Why the Writers Strike Is Targeting American Horror Story and Ryan Murphy

The ongoing Writers Guild of America (WGA) strike has focused its attention on American Horror Story and its creator, Ryan Murphy, criticizing the show's decision to continue production while other productions have halted.



As the WGA strike persists, numerous members of the guild, along with supporters from SAG-AFTRA and other unions, gathered around Silvercup Studios, directing their efforts toward American Horror Story. Deadline reports that the demonstrators, led by WGAE strike captain T Cooper, emphasized their determination to secure a fair contract that recognizes their contributions. "We will remain here until we achieve a just agreement that respects our work," Cooper affirmed.







The Latest From the WGA Picket Lines

As the strike enters its 10th week, American Horror Story stands out as one of the few shows still in production on the East Coast, causing frustration for the striking writers. "What's difficult is seeing people like Kim Kardashian crossing the picket line and witnessing Ryan Murphy continuing his production," expressed Cooper.


Tensions are escalating both within and outside Silvercup Studios, following recent reports of Murphy issuing legal threats against Warren Leight, a former strike captain. Leight had appealed for support on the picket lines, citing crew members' fears of being blacklisted in "Murphy-land." Murphy's legal team demanded an apology, leading Leight to issue one and acknowledge that his claims were "completely false and inaccurate."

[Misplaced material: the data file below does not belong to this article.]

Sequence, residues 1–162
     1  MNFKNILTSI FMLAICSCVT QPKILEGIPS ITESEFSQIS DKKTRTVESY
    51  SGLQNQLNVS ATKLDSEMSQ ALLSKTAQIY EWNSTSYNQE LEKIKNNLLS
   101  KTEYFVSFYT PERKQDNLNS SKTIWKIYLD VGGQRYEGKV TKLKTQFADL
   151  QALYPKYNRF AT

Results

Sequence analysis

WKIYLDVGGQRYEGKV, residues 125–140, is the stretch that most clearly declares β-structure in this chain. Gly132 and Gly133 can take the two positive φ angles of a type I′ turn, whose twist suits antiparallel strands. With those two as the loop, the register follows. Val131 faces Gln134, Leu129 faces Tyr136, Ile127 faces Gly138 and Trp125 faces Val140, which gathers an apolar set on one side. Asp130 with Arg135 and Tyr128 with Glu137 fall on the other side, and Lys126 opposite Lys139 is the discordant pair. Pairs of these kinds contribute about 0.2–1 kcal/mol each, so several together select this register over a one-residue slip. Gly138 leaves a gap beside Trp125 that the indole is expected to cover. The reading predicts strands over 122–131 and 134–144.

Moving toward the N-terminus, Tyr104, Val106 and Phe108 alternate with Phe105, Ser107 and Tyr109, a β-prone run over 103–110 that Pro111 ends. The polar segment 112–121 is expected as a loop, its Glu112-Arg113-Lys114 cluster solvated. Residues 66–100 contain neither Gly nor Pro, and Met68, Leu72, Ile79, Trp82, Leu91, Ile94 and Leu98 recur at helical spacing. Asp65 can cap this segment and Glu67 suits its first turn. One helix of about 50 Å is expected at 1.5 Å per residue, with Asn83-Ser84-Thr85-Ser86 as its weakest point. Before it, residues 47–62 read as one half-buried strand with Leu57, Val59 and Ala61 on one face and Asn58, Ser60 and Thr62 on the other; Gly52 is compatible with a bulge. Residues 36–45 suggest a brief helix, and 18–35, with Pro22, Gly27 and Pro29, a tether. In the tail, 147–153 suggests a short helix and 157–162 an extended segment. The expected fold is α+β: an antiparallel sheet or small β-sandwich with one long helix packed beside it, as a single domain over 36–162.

Leight has been relieved of his role as a strike leader, impacting the efforts of the "rapid response teams" organized by the WGA East. Twitter has emerged as a crucial platform for mobilizing strikers and disrupting productions. However, Murphy's decision to continue American Horror Story raises concerns among fellow writers regarding the immense influence wielded by influential creators.


Families relying on a writer's income have made significant sacrifices during the strike, with many expressing their longing for a return to work under improved conditions. Suspending shows like American Horror Story would disrupt the content pipeline, putting pressure on studios to return to the negotiating table. The primary objective remains securing fair contracts that duly recognize the writers' invaluable contributions.


Via Deadline

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